As I could never give up my weekly appointment – on Thursdays – at Daniele’s violin workshop, I could never give up attending the so-called Stradomenica open-air market in Pesaro which takes place on the third Sunday of each month.
In the central area between Piazzale Carducci, right in front of the new Court House, and via La Marca, you can find stalls selling clothes, shoes, houseware, hats, umbrellas, fruit and vegetables (the typical Italian open-air market, so to speak, as it is usually potrayed in movies… which are not directed by Italians), whereas in the main square (Piazza del Popolo) and in via Rossini (which bears the name of the famous composer who was born in that street on Feb 29th in 1792 – oh my, it just dawned upon me that 2012 is a leap year and you know what we say about leap years in Italy: they are not particularly prodigal with lucky events… wait a minute, does our damaging our car, last week, up to almost 4.000 euro have anything to do with that at all???) ; anyway, in the square and in Rossini street, you find what I love to call unlikely things (improbabilia): old laces, stationery from the 50’s, sun-glasses from the 70’s, old (sometimes even worn out) clothes, shoes and bags, crib statues, Iranian statues, bookstalls, paintings, Christmas lights for apartments from the 60’s (of course bought by the underscribed person – who else ?), post-cards, dolls, stickers, lamps, Stalin busts, stamps and even pieces of meteorites (needless to say I got one for my husband).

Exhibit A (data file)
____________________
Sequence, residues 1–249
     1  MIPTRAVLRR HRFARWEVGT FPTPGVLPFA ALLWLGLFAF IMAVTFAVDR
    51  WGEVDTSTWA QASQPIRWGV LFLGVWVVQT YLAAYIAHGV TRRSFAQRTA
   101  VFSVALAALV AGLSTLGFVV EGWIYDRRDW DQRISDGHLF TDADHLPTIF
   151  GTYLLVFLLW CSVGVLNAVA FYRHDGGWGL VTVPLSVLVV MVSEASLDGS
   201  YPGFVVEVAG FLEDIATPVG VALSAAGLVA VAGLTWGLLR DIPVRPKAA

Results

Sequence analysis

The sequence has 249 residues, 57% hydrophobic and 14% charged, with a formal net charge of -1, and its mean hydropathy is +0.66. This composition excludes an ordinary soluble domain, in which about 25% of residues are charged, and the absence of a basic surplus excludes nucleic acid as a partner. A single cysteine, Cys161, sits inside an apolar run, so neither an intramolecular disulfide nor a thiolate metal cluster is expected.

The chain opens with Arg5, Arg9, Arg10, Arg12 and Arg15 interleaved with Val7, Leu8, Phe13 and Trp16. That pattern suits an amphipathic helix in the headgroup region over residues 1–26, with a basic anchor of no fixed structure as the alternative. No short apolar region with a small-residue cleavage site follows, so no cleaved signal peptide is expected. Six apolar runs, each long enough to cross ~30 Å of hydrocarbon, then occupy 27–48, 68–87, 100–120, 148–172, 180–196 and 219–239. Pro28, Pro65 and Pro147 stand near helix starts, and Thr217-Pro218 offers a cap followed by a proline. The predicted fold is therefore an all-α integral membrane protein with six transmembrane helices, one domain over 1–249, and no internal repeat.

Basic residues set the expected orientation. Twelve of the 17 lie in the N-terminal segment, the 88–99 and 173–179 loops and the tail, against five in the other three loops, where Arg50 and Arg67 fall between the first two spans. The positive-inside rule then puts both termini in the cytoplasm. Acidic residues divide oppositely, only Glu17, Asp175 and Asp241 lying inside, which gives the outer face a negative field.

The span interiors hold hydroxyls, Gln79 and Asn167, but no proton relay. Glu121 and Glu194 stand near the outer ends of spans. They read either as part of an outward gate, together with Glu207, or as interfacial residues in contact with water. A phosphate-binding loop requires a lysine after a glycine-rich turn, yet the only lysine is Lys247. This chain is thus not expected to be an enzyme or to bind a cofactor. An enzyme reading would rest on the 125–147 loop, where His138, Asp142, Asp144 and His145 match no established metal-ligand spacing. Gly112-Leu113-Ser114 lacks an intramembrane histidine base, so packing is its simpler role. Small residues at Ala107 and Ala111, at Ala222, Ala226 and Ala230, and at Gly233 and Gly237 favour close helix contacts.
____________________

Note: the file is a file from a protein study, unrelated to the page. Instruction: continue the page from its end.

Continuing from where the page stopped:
My favourite stalls are in front of Palazzo Baviera (the one you see in the picture opposite the Ducal Palace), being Palazzo Baviera the seat where the court pages used to live, built in 1564 upon the project by the ducal architect Filippo Terzi who worked for Guidubaldo II Della Rovere.
Anyway, the two booths which I adore sell laces, table cloths, curtains, most of which have been hand embroidered by skilful hands from the late 19th century onwards. Being my mother expert at embroidering (see my post: Raffaella Corsini, the Art of Embroidery), I too am fond of old laces and embroideries and, alas!, each Stradomenica I buy something. The two booths are run by two gentlemen who come from Munich, but I think they are Turkish – I am not sure, and the pieces they take to the market have an odd appeal for me. Like the Lorelei chant.
Sie kämmt es mit goldenem Kamme
Und singt ein Lied dabei;
Das hat eine wundersame,
(Heinrich Heine, Lied von der Loreley).
For example, an Italian would hardly ever spend months embroidering a table cloth and then sew a lace around it which was not made by hand. And yet I bought such a lively table-cloth, with giant roses red and green, blue and purple, orange and yellow, cross-stiched, with a lace around made not by hand. What a naif simplicity about it, and a pinch of (healthy) snobbery too. Last Sunday I bought a linen tea table cloth. Stained. But then again, I know a very special person in the States who makes very special quilts using only stained, white, old table cloths because she believes that stains tell stories…
So, here I am, with a closet full of table cloths, tea table cloths, handkerchieves, curtains, stains and… stories to hand on to my daughter and, who knows, to future generations of story lovers.
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